# FRC omni wheels

Does adding omni wheels to the front of your robot move the turning center backwards or forwards?

Backwards. Thinking through the math has me stumped for a while (Finals are really draining my brain right now) but the center of rotation will in general be closer towards the traction wheels.

Hi first_newbie, I notice you are asking a lot of good “beginner” questions. That’s cool - I’m still kind of a beginner too and I don’t know the answer to all your questions (including this one).

However, this forum is a historical archive of years of experience from thousands of students and mentors - and a great way to learn is to just read, read, read. There are some great forum search tools if you want to learn more about specific topics!

You are correct, it is backwards. It’s because there are very little to no lateral scrub forces by the omnis.

The primary determining factor of the center of rotation is the center of gravity. Both traction and omni wheels tend to move the center of rotation towards their axles due to frictional forces as the wheels do not move along the floor at the same speed as they rotate. Having more friction, traction wheels do this better than omnis.

You’ll now have to explain from that why a robot with traction wheels only at one end and omnis everywhere else (at the other end only, or at the other end and in the middle) rotates around near the traction-wheel end, regardless of center of gravity location.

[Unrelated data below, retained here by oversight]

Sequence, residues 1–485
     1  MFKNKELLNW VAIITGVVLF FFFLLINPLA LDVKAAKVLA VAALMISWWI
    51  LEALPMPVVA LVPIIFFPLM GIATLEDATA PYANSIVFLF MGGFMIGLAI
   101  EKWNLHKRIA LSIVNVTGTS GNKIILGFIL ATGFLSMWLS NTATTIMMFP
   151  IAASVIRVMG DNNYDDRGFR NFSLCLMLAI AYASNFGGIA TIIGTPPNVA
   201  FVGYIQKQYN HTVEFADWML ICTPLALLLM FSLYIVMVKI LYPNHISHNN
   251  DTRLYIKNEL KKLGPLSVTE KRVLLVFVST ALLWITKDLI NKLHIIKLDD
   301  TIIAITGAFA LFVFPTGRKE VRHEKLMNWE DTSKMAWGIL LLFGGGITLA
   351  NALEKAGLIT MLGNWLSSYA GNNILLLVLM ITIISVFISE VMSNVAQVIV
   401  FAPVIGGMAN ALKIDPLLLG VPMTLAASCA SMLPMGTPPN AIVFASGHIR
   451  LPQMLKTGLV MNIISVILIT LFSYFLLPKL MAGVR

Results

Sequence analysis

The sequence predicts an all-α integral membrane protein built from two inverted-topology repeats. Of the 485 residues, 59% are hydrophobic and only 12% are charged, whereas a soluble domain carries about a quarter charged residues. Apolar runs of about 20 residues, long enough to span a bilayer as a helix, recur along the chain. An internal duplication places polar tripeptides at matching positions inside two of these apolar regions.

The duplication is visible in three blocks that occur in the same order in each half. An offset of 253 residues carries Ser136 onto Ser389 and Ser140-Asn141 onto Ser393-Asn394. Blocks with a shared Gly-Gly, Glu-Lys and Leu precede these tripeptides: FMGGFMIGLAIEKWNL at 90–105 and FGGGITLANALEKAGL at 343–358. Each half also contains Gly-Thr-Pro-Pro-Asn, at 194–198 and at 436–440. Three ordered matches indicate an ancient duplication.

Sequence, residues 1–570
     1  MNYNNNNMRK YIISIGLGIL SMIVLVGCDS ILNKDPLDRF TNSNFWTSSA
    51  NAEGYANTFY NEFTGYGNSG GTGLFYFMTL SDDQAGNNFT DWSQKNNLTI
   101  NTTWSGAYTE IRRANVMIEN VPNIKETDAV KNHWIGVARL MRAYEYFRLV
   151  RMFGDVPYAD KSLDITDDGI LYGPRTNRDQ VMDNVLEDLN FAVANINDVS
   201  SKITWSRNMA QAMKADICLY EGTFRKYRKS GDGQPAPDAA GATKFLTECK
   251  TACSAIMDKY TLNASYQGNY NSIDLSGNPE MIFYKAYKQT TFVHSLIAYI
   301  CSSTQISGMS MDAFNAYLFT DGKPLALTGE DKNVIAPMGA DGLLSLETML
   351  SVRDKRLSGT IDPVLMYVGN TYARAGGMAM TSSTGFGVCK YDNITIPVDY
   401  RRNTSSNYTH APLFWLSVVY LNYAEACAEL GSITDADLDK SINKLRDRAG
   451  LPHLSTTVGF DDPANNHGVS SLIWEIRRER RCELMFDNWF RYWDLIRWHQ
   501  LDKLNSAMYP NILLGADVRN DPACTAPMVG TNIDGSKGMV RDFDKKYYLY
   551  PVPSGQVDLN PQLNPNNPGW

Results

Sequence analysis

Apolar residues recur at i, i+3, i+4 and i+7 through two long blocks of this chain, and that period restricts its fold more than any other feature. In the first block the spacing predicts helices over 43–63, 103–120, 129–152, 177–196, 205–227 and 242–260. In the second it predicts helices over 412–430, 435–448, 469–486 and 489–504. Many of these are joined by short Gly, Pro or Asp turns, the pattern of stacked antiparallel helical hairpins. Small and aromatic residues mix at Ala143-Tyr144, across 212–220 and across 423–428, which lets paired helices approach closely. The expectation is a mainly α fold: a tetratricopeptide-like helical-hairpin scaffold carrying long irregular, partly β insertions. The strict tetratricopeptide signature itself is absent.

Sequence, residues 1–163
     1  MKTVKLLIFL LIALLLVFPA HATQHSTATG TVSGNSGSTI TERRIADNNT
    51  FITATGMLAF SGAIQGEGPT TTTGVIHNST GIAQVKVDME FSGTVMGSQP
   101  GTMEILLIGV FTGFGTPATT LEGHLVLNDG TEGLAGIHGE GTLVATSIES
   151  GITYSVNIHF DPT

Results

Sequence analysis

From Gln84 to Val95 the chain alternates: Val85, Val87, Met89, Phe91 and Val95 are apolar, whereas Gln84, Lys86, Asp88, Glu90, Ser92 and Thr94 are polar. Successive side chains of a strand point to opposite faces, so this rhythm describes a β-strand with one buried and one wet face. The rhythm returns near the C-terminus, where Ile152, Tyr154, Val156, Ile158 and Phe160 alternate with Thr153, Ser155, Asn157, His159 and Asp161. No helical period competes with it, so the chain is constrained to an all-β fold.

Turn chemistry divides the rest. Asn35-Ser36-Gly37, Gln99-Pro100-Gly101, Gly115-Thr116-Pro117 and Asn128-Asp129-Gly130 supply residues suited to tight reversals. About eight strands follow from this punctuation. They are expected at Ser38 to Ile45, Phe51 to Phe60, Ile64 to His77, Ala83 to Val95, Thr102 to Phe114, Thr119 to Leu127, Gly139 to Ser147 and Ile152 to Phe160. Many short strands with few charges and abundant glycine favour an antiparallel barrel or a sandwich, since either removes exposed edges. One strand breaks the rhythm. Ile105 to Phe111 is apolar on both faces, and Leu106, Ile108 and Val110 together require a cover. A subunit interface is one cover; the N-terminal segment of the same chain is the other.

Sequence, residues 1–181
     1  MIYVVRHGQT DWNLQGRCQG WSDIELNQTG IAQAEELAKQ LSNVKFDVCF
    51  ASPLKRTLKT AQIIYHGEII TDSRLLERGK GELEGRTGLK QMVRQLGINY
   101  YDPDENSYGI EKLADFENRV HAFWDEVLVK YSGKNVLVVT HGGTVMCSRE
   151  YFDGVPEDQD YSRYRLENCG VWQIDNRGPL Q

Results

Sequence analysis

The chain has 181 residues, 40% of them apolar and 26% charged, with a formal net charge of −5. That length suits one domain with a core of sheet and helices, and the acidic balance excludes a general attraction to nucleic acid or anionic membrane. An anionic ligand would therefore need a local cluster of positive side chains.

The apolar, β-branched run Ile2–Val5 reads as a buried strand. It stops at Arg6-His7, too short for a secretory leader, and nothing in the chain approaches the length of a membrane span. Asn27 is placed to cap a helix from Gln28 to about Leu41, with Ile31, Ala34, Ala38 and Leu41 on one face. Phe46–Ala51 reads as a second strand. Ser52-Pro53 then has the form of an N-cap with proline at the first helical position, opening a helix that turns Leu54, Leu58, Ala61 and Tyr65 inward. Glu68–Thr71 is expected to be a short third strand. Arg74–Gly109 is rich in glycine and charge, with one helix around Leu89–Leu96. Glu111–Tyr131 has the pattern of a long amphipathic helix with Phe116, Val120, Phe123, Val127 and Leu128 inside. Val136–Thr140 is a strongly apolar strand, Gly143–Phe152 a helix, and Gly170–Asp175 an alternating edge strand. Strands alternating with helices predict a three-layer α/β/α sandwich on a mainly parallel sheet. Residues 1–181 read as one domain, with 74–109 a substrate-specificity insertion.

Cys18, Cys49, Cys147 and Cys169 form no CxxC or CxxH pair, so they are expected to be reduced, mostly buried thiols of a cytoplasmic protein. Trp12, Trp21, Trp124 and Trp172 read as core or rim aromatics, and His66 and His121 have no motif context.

I’ve seen that phenomenon way too often. A good robot designer can put the center of rotation right where he/she wants it, for a variety of reasons (like aiming easily, or keeping a stack from moving as violently). One old trick is to put the omnis on opposite corners of the robot (494, 2006) to keep the center of rotation in the middle of the robot.

The short version is that the center of rotation will move towards the traction wheels and away from the omni wheels. The reason would be that the force resisting turning is now much smaller at that end (traction wheels have massive resistance to going sideways, particularly compared to omnis), so it will turn very very easily. This will put the majority of the force acting around a point that is in the middle of the forces generated by the traction wheels. Not all of it by any means, but enough of it.

This is why we do the math.

This section of the VEX Robotics curriculum may also help explain some of the concepts behind your question:
http://curriculum.vexrobotics.com/curriculum/drivetrain-design/drivetrain-terminology-and-turning

I can’t believe that paper is over 12 years old!
Wow I am old. How did that happen?

I didn’t notice anything in there about omni wheels (or wheels with different scrub forces under the same conditions). μ[sub]y[/sub] is the same for every wheel. I’ve been doodling, and will post on this over the next week or two.